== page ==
Enemy at the Gates

Toby Baldwin's Film Review Home

5 out of 10

Enemy at the Gates comes up flat despite the first-rate cast, set design, cinematography, and plot. The character development is simply too little, too late. Rating: 5 out of 10.

There are so many good things about Jean-Jacques Annaud's Enemy at the Gates that I wish I liked it. A look at the special features on the DVD tells the incredible story of how the city of Stalingrad in the movie is actually a set built in Germany. The movie is great visually. It starts off with a thrilling scene of Russians crossing the Vulga and attacking the Germans in 1942. From the rubble of this brutal battle a hero emerges--Russian sharpshooter Vassili Zaitsev (Jude Law). The stage is set for a potentially great story. Zaitsev is then made into a war hero by propaganda expert Commissar Danilov (Joseph Fiennes), which induces the Germans to send their own sniper, Major Konig (Ed Harris), to wipe Zaitsev out. Amidst the long, drawn-out chess game between the two snipers, a love triangle is thrown in featuring Zaitsev, Danilov, and Tania (Rachel Weisz), another Russian soldier. Eventually the showdown between the snipers comes, and (spoiler here) it all ends about how you expect it will.

CAST: Everyone is great. Jude Law has natural charisma and subtlety. Joseph Fiennes is very good. Rachel Weisz is great, and Ed Harris is a master. Bob Hoskins, almost unrecognizable as Nikita Kruschev, does a fine job. All involved did the best with what they were given. In that sense, I agree with a previous reviewer who commended the characterizations. As for the characters themselves...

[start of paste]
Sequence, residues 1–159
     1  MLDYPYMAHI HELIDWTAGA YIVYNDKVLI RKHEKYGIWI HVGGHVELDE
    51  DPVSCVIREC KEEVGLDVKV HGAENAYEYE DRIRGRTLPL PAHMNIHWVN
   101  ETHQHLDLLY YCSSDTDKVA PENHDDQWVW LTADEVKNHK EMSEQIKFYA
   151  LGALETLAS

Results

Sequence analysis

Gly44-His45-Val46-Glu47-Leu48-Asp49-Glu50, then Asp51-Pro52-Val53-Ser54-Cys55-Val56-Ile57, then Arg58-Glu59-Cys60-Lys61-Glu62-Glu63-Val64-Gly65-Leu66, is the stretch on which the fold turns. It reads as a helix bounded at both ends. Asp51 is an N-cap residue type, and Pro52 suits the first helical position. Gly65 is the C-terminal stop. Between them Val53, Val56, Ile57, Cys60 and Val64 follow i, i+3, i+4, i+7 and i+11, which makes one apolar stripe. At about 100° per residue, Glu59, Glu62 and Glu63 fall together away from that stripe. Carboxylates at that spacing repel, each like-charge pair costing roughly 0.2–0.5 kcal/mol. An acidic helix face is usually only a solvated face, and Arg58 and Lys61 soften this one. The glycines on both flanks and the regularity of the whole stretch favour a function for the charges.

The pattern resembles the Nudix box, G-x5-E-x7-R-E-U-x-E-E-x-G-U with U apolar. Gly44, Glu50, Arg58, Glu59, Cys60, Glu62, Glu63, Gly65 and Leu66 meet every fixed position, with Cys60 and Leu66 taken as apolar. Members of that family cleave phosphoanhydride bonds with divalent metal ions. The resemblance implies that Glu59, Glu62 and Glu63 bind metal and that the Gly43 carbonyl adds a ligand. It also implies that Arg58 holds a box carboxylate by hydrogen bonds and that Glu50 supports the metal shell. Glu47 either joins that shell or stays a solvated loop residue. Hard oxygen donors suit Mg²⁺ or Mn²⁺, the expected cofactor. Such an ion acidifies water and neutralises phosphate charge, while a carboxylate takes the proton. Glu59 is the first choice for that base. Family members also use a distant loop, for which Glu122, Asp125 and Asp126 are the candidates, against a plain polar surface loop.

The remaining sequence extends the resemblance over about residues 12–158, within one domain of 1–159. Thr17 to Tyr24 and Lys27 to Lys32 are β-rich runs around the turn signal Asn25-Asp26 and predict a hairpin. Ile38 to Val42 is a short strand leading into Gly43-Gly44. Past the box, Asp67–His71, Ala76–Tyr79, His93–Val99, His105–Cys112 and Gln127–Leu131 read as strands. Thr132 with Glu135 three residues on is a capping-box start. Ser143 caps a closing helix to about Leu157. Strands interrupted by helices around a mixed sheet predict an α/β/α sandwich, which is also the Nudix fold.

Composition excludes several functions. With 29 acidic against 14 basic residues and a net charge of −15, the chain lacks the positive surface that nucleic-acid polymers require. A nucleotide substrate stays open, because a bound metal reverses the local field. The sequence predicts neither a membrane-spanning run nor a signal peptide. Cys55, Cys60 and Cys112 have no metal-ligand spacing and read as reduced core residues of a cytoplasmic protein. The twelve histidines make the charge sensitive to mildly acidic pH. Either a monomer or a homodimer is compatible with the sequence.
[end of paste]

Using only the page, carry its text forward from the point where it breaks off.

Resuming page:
CHARACTERS: We don't find out a single thing about Konig until right around the one hour 40 minute mark, and then it's only one line. He's more of an automated killing machine than a character, and his motivation is revealed so late and so matter-of-factly that it's easy to go right back to thinking of him as one-dimensional. Rarely will you see an actor more short-shrifted than Ed Harris is here. Joseph Fiennes doesn't fare much better. He seems to be noble in his intentions at first, wanting nothing more than to further the cause of Russia, but later seems willing to dump all of that over the girl. Law and Weisz are given more human elements and more backstory, also mostly later in the film, but they, like the rest of the characters, aren't given enough moments of humanity to seem quite real. Maybe Saving Private Ryan worked so well because of the tender and humorous moments mixed in with the gore and suspense. We don't get that here; the plot seems overarching, and the characters pay the price. Even the sex scene, despite being set in a grimy, crowded shelter, seemed mechanical.

VISUALS: The movie looks great. A few of the obvious CGI shots seemed to show a different Stalingrad than the one seen by people on the ground, but all in all a fantastic job. The opening sequences in particular are stunning; perhaps it's too bad more of a bang wasn't saved for the end. Two things I really liked: the illustration early in the movie that shows the Nazi black spreading across a globe and overtaking the Russian red (for us historically ignorant Americans, no doubt) and the closing credits--those were really neat looking, and original.